Branch of Peace
Lewis Bush for IdeasTap
This is my final week as resident editorial artist for the creative charity IdeasTap. Over the past nine weeks I’ve produced a photomontage each week in response to events in the news. It’s been a great experience and I’ve had a lot of fun rediscovering a technique which was one of my entry routes into photography, but which I had entirely neglected in recent years. To mark the end of my residency I thought I’d put down a few thoughts about the medium, and argue that despite existing since the birth of photography, the true potential of photomontage is only being realised now, with the advent of digital imaging and mass engagement with photography.
Political photomontage is a medium with a huge amount of power, but it’s also one which comes with masses of baggage, and this I find is the biggest challenge to its use today. For older generations it sometimes remains a medium marred by its use as a propaganda tool by totalitarian regimes. For younger generations it’s often rightly seen an inherently political technique (a big claim, one perhaps to explore in depth another time), and the problem I’ve found with that is that this sometimes jars with the deep unfashionability of politics, and of generally holding strong views about anything.
This unfashionability has permeated into the art world at large and as the veteran monteur Peter Kennard has noted, it is very easy as someone who works with photomontage to be accused of naivety for expressing strong opinions about complex subjects. Yet artists have always been involved in, and forthright about, the politics of their time. Part of the reason we sometimes fail to detect this in the art of the past is because we stand outside the political context in which the work was originally made, as a result we struggle to read the subtle, and sometimes not so subtle commentaries or criticisms that the work implies. As a result it’s easy to suspect that art has always been apolitical, when it is the opposite. It is only in recent years that in Kennard’s words, art has allowed itself to be ‘abstracted out of the real world’.
The overtly political character of photomontage therefore makes it a continuation of, rather than a deviation from, the art of the past, but what is it’s relevance today? As Dawn Ades has noted photomontage belonged from the very beginning to ‘the technological world, the world of mass communication and photo-mechanical reproduction’. Nearly two centuries on from photography’s invention we live in a world which is more saturated with images than ever, and one where our emphasis on speed makes textual communication less and less appealing. Photographs instead stand in more and more for verbal communication, for example on platforms like Twitter and Snapchart, which emphasise brevity, ephemerality and the visual. To put it another way, we are primed to read photographs and ready to accept them as a form of free standing communication in a way we perhaps have never been before.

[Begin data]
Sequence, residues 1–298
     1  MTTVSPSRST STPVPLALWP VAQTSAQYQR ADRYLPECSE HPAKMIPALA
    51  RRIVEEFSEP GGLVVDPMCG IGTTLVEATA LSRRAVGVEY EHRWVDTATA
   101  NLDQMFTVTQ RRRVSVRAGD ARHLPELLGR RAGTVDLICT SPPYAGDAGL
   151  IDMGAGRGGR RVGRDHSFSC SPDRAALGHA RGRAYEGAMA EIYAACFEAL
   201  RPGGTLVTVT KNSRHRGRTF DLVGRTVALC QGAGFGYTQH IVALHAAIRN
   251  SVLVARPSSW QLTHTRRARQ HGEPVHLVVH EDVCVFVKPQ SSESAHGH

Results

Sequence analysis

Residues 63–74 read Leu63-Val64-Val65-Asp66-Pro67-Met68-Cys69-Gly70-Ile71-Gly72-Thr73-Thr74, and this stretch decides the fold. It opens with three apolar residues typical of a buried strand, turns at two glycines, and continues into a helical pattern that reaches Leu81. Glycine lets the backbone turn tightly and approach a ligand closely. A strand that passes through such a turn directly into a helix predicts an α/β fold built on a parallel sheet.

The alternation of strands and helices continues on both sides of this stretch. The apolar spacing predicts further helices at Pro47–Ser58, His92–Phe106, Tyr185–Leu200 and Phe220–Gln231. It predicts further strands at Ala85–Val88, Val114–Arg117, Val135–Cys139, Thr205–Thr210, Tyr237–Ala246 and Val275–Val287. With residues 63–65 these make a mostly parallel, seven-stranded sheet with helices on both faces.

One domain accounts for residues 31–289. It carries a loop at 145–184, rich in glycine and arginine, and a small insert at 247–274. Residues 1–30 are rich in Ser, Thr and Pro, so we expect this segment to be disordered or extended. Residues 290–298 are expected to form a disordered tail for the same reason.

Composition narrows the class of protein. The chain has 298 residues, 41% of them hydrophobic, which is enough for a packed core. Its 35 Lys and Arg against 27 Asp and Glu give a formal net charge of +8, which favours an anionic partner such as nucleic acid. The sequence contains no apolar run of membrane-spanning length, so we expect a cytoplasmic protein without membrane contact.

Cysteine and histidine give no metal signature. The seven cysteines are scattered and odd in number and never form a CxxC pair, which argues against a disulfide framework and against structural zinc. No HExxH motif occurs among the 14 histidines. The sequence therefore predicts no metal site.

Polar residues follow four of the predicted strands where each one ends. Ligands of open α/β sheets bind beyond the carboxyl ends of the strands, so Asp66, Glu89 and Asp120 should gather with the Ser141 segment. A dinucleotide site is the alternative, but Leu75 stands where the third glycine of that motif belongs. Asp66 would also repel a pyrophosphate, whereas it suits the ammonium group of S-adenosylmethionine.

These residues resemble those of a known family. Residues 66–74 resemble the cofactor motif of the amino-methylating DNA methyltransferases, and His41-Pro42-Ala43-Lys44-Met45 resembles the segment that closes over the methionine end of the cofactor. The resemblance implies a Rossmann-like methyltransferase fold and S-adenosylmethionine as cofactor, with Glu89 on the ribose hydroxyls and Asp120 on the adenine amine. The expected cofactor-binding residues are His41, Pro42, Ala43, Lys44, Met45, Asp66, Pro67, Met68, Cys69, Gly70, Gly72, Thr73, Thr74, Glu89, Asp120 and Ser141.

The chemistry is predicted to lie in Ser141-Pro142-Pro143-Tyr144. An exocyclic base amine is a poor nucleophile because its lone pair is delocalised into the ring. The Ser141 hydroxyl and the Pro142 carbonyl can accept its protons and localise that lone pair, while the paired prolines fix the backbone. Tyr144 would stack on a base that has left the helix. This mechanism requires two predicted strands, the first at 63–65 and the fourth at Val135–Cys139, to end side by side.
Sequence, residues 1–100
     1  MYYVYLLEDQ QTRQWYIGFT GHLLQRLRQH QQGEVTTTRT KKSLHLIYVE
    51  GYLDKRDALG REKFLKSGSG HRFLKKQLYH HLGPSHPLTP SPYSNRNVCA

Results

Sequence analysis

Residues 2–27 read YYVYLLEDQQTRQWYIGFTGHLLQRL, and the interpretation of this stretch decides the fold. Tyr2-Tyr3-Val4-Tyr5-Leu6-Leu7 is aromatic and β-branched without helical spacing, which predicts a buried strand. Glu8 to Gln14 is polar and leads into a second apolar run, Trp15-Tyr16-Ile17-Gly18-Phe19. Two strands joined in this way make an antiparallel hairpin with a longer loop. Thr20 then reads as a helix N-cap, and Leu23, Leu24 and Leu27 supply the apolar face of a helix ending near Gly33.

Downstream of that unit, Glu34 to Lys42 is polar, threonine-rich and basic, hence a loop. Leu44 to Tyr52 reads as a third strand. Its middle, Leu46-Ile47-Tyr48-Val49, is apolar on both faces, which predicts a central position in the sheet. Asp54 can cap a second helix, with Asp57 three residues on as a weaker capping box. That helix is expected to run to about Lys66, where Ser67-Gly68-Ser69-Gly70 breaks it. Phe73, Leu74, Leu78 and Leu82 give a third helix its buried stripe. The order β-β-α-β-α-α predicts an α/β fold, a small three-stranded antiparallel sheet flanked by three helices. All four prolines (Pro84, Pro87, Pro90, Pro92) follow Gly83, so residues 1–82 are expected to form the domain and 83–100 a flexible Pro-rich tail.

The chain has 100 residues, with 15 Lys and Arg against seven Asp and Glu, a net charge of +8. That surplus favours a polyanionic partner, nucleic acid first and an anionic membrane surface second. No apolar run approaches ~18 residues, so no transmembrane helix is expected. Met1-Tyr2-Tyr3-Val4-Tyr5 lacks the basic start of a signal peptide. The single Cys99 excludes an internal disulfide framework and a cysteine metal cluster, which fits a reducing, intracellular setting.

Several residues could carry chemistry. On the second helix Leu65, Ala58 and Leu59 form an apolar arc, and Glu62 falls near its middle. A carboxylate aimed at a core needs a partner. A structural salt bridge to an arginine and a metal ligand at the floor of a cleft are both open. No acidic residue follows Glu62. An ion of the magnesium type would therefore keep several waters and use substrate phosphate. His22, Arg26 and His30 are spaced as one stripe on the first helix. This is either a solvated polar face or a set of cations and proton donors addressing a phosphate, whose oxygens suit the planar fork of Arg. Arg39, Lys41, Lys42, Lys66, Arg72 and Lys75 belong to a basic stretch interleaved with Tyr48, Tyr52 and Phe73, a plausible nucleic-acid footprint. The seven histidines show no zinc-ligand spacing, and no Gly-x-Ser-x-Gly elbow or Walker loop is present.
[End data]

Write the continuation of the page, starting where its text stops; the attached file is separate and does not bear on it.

So given this readiness to embrace and read images, why use photomontage instead of, or as well, as traditional photography? Because despite the shared raw material, these two mediums are both capable of drastically different things. As I noted in an interview with IdeasTap, there are some things we simply cannot photograph. Many of the world’s most pressing concerns are ephemeral, invisible or unreachable, whether by accident or intent. Photographing the machinations of global finance or the casual relationship between human activity and climate change is a tall order at the best of times, but add to that the fact that companies and governments are ever more cautious of allowing press access to their activities and it becomes harder still. Photomontage acts on one very simple level as a way to visualise the things we can’t see or photograph.
But beyond its ability to penetrate the shady corners in which global power resides, photomontage has an ability to disrupt the images that these authorities use to represent themselves to us, appropriating the symbols that companies for example use to represent their undertakings, and displacing these into situations that hint at the true nature of their activities. As John Berger notes, the true power of photomontages lies in the way it disrupts these symbols, by extracting them from their familiar surroundings we can see that ‘the natural continuities within which they normally exist have been broken, and … they have now been arranged to transmit an unexpected message’. In this way photomontage has another power which straight photography invariably lacks, an ability to penetrate the surface of things and reveal the mechanisms underneath. This I think is the power of photomontage at it’s rare best, when, to paraphrase Berger, the appearance of things themselves reveal how they deceive us